An unlawful detainer action is not based upon contract but rather “ ‘is a statutory proceeding ․ governed solely by the provisions of the statute creating it.’ [Citations.] As special proceedings are created and authorized by statute, the jurisdiction over any special proceeding is limited by the terms and conditions of the statute under which it was authorized [citation], and a lessor's action to recover possession of real property is not one for unlawful detainer where he does not comply with the statutory ․ requirements [citation]. The statutory procedure must be strictly followed. [Citations.]” (Kwok v. Bergren (1982) 130 Cal.App.3d 596, 599-600.)
As noted above, one of the statutory requirements for an unlawful detainer is the service of a three-day notice stating the amount of past-due rent. (§ 1161, subd. (2).) The amount of rent must be stated accurately. “A notice that seeks rent in excess of the amount due is invalid and will not support an unlawful detainer action. [Citation.]” (Levitz Furniture v. Wingtip Communications (2001) 86 Cal.App.4th 1035, 1038; see also Nourafchan v. Miner (1985) 169 Cal.App.3d 746, 753.)
Due to the undisputed unlawful status of the premises rented by plaintiff to defendant, their rental agreement was void, and plaintiff was barred from collecting any rent or using the unlawful detainer procedures to enforce the collection of rent. (Gruzen, supra, 84 Cal.App.3d at p. 518; Salazar v. Madareaga (1992) 10 Cal.App.4th Supp. 1, 4.) Put differently, if plaintiff could not collect any rent from defendant, then defendant had no obligation to pay any rent to plaintiff. Furthermore, if defendant did not owe any rent to plaintiff, the three-day notice claiming $739.35 in past-due rent was necessarily an overstatement of defendant's rental obligation, which could only be properly calculated as zero. Since the three-day notice which was the basis for this unlawful detainer action failed to comply with the strict statutory requirements, it was invalid and could not support the action. (Levitz Furniture v. Wingtip Communications, supra, 86 Cal.App.4th at p. 1038.) The trial court therefore did not err in finding that there was no triable issue of fact and in granting summary judgment to defendant.
Our conclusion is not altered by the decision in Gruzen on which plaintiff primarily relies in asserting its unqualified right to a judgment for possession. In that case, the landlord sought to evict a tenant from unpermitted premises based on a three-day notice to pay $600 in back rent or quit. (Gruzen, supra, 84 Cal.App.3d at p. 519.) The landlord was awarded possession of the premises and a money judgment. (Ibid.)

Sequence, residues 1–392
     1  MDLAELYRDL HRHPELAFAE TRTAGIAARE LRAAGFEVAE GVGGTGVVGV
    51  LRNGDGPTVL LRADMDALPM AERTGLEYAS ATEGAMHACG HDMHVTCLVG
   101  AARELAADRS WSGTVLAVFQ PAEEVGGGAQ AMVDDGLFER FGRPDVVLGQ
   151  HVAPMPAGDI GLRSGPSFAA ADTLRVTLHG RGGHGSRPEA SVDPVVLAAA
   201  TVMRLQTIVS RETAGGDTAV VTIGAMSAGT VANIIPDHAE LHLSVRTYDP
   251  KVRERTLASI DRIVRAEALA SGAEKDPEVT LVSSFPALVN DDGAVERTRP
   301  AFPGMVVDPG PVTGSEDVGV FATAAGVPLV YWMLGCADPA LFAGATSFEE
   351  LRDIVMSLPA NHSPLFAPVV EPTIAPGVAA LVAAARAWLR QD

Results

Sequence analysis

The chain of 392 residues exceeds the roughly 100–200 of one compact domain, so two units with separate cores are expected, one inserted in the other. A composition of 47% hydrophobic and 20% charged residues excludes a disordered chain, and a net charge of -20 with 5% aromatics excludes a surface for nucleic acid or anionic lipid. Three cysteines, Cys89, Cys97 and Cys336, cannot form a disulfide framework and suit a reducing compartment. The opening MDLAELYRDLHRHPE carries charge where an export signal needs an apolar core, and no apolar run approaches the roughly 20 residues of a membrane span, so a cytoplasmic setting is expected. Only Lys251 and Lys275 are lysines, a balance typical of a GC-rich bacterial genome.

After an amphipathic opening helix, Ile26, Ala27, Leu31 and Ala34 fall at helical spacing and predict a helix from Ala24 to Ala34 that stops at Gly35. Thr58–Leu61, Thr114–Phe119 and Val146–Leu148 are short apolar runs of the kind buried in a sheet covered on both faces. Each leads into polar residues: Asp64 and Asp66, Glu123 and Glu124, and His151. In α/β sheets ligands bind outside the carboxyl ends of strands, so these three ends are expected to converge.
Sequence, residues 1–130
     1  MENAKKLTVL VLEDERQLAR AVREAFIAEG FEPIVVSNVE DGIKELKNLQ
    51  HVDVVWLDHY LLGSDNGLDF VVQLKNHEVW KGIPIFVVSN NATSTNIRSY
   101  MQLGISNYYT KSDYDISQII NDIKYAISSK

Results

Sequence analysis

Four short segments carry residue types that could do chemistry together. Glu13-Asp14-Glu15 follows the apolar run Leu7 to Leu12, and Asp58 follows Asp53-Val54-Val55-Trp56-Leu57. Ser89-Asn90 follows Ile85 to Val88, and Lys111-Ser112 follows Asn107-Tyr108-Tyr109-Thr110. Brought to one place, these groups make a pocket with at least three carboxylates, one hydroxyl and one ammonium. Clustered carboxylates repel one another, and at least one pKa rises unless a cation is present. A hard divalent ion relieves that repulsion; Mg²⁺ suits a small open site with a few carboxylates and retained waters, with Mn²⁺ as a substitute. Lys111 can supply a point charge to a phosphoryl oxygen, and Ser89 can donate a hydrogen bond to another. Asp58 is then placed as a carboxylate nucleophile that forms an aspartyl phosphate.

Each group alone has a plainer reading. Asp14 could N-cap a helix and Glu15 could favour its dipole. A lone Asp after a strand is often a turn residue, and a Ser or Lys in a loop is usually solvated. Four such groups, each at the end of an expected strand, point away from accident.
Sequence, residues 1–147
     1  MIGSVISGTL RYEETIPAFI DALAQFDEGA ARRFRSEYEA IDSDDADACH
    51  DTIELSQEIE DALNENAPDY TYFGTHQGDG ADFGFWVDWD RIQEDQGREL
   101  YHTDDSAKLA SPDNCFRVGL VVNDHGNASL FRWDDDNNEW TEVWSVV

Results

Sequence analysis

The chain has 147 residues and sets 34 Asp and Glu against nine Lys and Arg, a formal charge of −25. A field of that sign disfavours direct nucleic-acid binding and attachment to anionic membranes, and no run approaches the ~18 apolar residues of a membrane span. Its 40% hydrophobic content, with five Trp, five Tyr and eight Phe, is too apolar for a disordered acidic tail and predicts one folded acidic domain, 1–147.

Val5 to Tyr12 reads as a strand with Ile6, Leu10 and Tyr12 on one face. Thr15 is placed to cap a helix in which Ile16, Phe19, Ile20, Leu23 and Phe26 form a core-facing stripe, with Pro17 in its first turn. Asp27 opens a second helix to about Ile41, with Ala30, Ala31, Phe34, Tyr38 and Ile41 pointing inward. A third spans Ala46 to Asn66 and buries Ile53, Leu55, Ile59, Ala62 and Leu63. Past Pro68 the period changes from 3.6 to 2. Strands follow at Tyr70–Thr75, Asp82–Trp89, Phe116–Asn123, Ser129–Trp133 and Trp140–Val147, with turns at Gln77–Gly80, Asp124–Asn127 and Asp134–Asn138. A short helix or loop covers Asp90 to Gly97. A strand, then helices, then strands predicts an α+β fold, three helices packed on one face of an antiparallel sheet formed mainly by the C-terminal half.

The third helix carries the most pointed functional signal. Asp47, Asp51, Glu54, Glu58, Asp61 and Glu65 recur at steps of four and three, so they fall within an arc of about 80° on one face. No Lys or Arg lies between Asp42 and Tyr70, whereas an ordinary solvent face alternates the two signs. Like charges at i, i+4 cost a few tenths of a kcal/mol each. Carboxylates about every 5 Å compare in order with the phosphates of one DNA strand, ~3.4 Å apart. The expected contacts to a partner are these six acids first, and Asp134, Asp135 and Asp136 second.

The sole issue on appeal, as characterized by the appellate court, was whether the rental agreement was void due to the lack of a certificate of occupancy. (Gruzen, supra, 84 Cal.App.3d at p. 517.) After holding that the agreement was void under such circumstance, the court modified the judgment by deleting the monetary award, but affirmed the judgment of possession of the premises for the landlord. (Id. at p. 519.)
However, the court in Gruzen was never asked to decide — and did not decide — the issue we address here, namely, whether the three-day notice alleging past-due rent of $739.35 was fatally defective because defendant's actual rent obligation was zero, and whether defendant was consequently entitled to summary judgment as a matter of law. It is axiomatic that an opinion is not authority for a proposition that was not considered in that appeal. (Amwest Sur. Ins. Co. v. Wilson (1995) 11 Cal.4th 1243, 1268; In re Noreen G. (2010) 181 Cal.App.4th 1359, 1377.) Because the issue on which our opinion turns was not raised in Gruzen, we do not read that decision as compelling a different result.3
The judgment is affirmed. Defendant is awarded costs on appeal.
*Retired judge of the Los Angeles Superior Court sitting under assignment by the Chairperson of the Judicial Council.
1. In the intervening four months, the parties were engaged in numerous discovery disputes which resulted in the court granting defendant's motion to compel. Defendant's motion for terminating sanctions was set to be heard after his motion for summary judgment, the granting of which obviated the need to resolve the sanctions request.
2. All further statutory references are to the Code of Civil Procedure unless otherwise indicated.
3. We note that plaintiff also contended on appeal that the trial court erred when it suggested, in its ruling granting summary judgment, that because the premises were subject to LARSO, defendant could remain in possession in order to claim relocation benefits under the ordinance. Plaintiff argues, correctly, that its unlawful detainer was based on a three-day notice to pay or quit and not on any provision of LARSO. However, it is not our task to review the reasoning of the trial court, but instead to determine the correctness of the ruling. (Shugart v. Regents of the University of California, supra, 199 Cal.App.4th at pp. 504-505.) We therefore reject this contention without further discussion.
4. Plaintiff is, of course, not without a remedy in this circumstance since it may initiate an unlawful detainer to recover possession of the premises from defendant in order to comply with the January 2015 Notice of Abatement. (LARSO, § 151.09A, subd. (11).)
We concur. Ricciardulli, Acting P. J. B. Johnson, J.